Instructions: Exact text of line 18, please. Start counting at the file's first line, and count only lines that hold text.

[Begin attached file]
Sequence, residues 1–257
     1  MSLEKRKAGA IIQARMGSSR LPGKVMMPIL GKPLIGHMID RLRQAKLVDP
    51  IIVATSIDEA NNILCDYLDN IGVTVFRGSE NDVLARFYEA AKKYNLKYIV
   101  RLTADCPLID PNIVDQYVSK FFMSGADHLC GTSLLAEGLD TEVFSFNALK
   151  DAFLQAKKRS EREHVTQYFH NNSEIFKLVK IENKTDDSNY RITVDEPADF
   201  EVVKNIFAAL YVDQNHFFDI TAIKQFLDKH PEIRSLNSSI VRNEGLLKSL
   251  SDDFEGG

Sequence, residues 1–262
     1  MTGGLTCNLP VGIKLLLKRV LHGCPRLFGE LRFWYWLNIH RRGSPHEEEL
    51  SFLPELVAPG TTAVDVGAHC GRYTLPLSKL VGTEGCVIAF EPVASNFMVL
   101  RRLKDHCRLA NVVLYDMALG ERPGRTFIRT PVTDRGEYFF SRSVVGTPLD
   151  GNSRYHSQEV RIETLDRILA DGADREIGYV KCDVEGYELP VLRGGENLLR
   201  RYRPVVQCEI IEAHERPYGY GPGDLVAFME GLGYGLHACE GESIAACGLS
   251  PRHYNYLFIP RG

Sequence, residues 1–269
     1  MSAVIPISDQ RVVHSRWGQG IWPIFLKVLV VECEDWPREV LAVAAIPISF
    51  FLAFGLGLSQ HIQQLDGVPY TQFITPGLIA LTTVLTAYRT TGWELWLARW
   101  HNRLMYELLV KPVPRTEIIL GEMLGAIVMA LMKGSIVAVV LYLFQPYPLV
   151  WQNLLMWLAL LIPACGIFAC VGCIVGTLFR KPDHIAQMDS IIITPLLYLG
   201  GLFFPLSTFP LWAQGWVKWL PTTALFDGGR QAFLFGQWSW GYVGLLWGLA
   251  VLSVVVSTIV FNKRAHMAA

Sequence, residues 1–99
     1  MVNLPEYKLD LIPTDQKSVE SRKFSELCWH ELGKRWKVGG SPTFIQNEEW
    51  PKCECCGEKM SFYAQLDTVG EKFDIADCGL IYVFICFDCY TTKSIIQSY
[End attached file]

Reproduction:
   101  HNRLMYELLV KPVPRTEIIL GEMLGAIVMA LMKGSIVAVV LYLFQPYPLV